Over recent times, transport and the future of Australian cities has been an important topic of debate amid a ramping up of public sector investment in road and rail infrastructure and talk about 30-minute cities.
Things have also been busy at Infrastructure Australia, which outlined 93 priority developments in an audit of the nation’s road, rail, power, water and telecommunications requirements in May last year and subsequently made 78 recommendations for change as it unveiled a 15-year plan for infrastructure in February.
By all means, challenges going forward cannot be understated. Between 2012 and 2061, ABS projections suggest that the population of Brisbane and Melbourne will both double, whilst that of Perth will nearly triple. Thanks to the combination of a declining proportion of people of working age relative to those in their retirement years and spiraling healthcare costs, meanwhile, the government will have an underlying cash deficit of $266.7 billion by 2055, according to the nation’s Intergenerational Report released last year. This will obviously reduce the available pool of public sector cash for spending on public assets.
On the positive side, by contrast, technologies such as ride sharing and autonomous vehicles offer opportunities to make better use of existing infrastructure, whilst further avenues to address peak hour congestion exist through measures such as encouraging more people to work from home and using market based mechanisms such as road pricing to discourage travel during peak periods.
Given all this, where should our infrastructure priorities lie?
One of the critical mistakes we have made in the past, Panther Consulting Planners director Brett Skyring says, revolves around a haphazard approach to road building projects. An example of this can be seen though a proposed upgrade of the interchange between the Gateway Motorway and the Logan Motorway in Brisbane’s south, where Skyring says considerable sums of money are being spent on improvements to the southbound direction but not the northbound direction coming in to the city.
He adds the focus should revolve less around building new infrastructure and more in making greater use of our existing assets. Many of our roads suffer from ‘choke points,’ he says, and removing these would improve efficiency. Improving interfaces between various forms of transport could also be a big step forward, and better separation between industrial and residential areas could help reduce impacts such as industrial noise felt by residents - though this could potentially see either industrial or residential precincts having to be located further away. Finally, Skyring believes the case for high speed rail on the east coast has considerable merit, as such a system could alleviate air travel congestion across the busy Melbourne/Sydney/Brisbane routes.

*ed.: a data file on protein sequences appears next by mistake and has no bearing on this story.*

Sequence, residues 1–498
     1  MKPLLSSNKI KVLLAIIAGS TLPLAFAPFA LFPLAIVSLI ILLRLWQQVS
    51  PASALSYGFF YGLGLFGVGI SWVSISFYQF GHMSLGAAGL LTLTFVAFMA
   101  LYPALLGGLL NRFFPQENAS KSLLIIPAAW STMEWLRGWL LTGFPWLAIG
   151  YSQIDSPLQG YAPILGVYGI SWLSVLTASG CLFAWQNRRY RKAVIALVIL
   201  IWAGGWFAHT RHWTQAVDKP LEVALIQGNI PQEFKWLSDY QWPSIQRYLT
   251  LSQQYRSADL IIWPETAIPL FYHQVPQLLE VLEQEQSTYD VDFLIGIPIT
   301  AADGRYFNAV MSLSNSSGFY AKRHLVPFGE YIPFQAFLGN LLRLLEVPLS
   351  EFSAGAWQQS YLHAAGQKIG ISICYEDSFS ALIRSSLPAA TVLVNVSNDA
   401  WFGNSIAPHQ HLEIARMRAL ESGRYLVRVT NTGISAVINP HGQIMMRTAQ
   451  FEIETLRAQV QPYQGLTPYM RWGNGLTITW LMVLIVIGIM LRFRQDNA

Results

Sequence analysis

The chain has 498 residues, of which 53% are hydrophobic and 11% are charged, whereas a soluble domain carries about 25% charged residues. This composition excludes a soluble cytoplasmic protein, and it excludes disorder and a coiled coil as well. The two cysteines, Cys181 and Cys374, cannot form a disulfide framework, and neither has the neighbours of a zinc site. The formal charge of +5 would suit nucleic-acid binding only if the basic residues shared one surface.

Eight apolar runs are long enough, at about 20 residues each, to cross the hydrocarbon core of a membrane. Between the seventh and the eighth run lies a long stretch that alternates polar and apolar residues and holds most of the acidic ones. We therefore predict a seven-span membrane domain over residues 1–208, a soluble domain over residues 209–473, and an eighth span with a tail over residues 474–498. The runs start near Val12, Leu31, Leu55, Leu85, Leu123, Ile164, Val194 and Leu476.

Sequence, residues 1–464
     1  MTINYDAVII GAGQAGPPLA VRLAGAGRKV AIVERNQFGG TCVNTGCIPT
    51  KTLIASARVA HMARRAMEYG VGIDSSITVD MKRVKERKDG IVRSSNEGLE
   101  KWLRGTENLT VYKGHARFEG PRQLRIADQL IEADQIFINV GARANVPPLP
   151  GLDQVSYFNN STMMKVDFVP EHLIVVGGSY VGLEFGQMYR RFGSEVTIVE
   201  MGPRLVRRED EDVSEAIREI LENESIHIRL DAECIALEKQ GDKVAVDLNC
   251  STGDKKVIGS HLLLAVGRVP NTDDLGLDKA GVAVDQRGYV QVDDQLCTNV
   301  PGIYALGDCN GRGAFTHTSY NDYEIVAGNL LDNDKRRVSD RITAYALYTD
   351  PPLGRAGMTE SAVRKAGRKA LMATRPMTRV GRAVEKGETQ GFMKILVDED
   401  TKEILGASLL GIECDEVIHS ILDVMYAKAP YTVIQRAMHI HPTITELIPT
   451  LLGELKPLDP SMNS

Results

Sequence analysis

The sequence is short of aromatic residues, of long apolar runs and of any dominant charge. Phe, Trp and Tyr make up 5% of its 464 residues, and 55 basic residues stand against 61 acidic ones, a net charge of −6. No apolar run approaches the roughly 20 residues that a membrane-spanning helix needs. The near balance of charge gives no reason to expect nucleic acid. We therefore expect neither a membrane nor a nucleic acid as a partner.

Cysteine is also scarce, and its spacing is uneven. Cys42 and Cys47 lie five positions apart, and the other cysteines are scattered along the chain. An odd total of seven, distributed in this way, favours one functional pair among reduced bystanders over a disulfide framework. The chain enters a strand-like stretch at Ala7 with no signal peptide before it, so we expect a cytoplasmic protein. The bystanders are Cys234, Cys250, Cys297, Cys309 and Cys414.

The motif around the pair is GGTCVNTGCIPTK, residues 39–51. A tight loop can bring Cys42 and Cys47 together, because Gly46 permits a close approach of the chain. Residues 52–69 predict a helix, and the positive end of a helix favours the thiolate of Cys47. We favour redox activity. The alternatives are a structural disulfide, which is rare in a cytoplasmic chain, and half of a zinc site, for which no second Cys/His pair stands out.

Meanwhile, Brisbane-based transport planner and author Rachel Smith says the context in which transport planning is taking place is evolving as changing work patterns potentially see a greater proportion of residents working away from the office and thus not commuting to the CBD. Rising health costs from an aging population, meanwhile, could change tax revenue, baby boomers could potentially sell down assets and the rise in the sharing economy and services such as Uber has the potential to alter vehicle ownership and travel patterns.
Whilst the precise impact of these trends upon the transport system is not yet clear, Smith says forward thinking solutions are needed and that the nation needs to have a clear conversation about how we might go forward in light of some of these trends.
“We’ve got to be having these really tough conversations now and saying ‘let’s really look at what the future could be like and let’s plan for that,’” she said. “Let’s put these big trends on the table and let’s plan, prioritise and project what the future is going to look like.”
Asked about overseas examples which Australia could follow, Smith says good approaches can be seen through the pedestrianisation project on Times Square in New York and the cycle superhighways initiative in London.
Smith says the former, which saw a number of streets closed off to vehicular traffic on Times Square on a trial basis, was a resounding success and Times Square is now one of the 10 most popular destinations for shopping in the world. She says Australia could learn from this approach and look for opportunities where potential improvements can be trialed for short periods and ‘put back’ if things do not work out.
The cycle superhighways project, meanwhile, saw the creation of cycle routes running across central London. Smith says Mayor Boris Johnson had a bold and clear vision of what he wanted and took the appropriate action in order to make it happen. Australia could learn much from this, she says.
Australia is currently undergoing a significant program of public sector infrastructure investment.
The extent to which these investments will pay off or otherwise will largely depend on our ability to anticipate and plan for future trends in transport need and usage.